Anyway, the bottom line is that we have been having fantastic encounters with these sharks and our guests have been overwhelmed with the experience of free diving with these magnificent super predators.


Mola Mola

On Photos of the Month you will also see that we have a fantastically unique encounter with a sunfish (mola mola). It was a great way to end a good pelagic trip and Chris was able to dive with one for the first time. They are usually very shy so it was an exciting opportunity.

We could only attract in the region of 20 sharks up to the boat but we could count between 100 and 150 sharks just on the surface.

Hammerheads, Bronze Whalers & Ragged Tooths

At the end of the month Chris & I opted to take a few days off and head up to a spot up the east coast of South Africa that is very special to us. Every summer we try to spend a few days diving here as we have discovered a smooth hammerhead nursery that also teams with other sharks.

It was a fantastic trip and we were fortunate not only with great weather but awesome sharks shared with a good friend who also loves the sharks.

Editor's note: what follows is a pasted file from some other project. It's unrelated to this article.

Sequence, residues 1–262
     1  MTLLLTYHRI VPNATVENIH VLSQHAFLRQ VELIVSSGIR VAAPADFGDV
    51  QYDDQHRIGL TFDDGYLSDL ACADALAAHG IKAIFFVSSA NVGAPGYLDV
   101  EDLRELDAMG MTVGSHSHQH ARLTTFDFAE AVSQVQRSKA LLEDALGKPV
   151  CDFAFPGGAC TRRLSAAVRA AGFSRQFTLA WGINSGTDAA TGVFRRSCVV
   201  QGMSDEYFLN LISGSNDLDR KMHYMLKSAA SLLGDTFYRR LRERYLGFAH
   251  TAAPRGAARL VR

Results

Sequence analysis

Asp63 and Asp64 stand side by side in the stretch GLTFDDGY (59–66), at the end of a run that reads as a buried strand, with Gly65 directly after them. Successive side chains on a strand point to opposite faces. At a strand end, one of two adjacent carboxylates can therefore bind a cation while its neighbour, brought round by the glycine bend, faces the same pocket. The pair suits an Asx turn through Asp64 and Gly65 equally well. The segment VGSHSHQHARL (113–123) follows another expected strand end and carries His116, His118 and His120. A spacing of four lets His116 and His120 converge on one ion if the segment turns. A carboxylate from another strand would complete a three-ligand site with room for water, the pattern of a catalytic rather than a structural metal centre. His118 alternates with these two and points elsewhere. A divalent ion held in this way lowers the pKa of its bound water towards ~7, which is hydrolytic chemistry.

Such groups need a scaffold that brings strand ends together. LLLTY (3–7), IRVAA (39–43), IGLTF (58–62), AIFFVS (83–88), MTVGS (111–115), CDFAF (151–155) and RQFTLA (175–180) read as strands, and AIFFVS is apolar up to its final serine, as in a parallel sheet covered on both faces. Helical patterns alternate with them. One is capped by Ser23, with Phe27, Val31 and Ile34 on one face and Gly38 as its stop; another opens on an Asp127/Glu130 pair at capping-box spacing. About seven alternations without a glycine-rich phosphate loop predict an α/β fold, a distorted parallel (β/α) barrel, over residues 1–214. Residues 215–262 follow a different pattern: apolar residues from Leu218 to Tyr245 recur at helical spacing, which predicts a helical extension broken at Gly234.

On our first afternoon we managed to attract in the region of 30 bronze whaler sharks to the boat. For those in other parts of the world you may know bronze whalers as copper sharks. They are know to shoal so it is not unusual to find large numbers of them together although this did not take away from the excitement of seeing them. On the last day we also witnessed upwards of 120 breaches by bronze whalers in a period of just over an hour. This has to rate as one of my most exciting shark sightings in the last little while. We do not know why they breach. It does not appear to be feeding related so it could possibly be some sort of social interaction especially if there are so many sharks together. They were breaching so often Chris decided to try photographing this. You will see some images on Photos of the Month. I think he did pretty well seeing as though there was no warning and each breach was no longer than 1 second.

The following day we spend most of the day diving with and trying to photography the small hammerheads. Over the years we have tried many times to photograph them but they have always proved elusive, passing just out of photographic reach and being rather shy!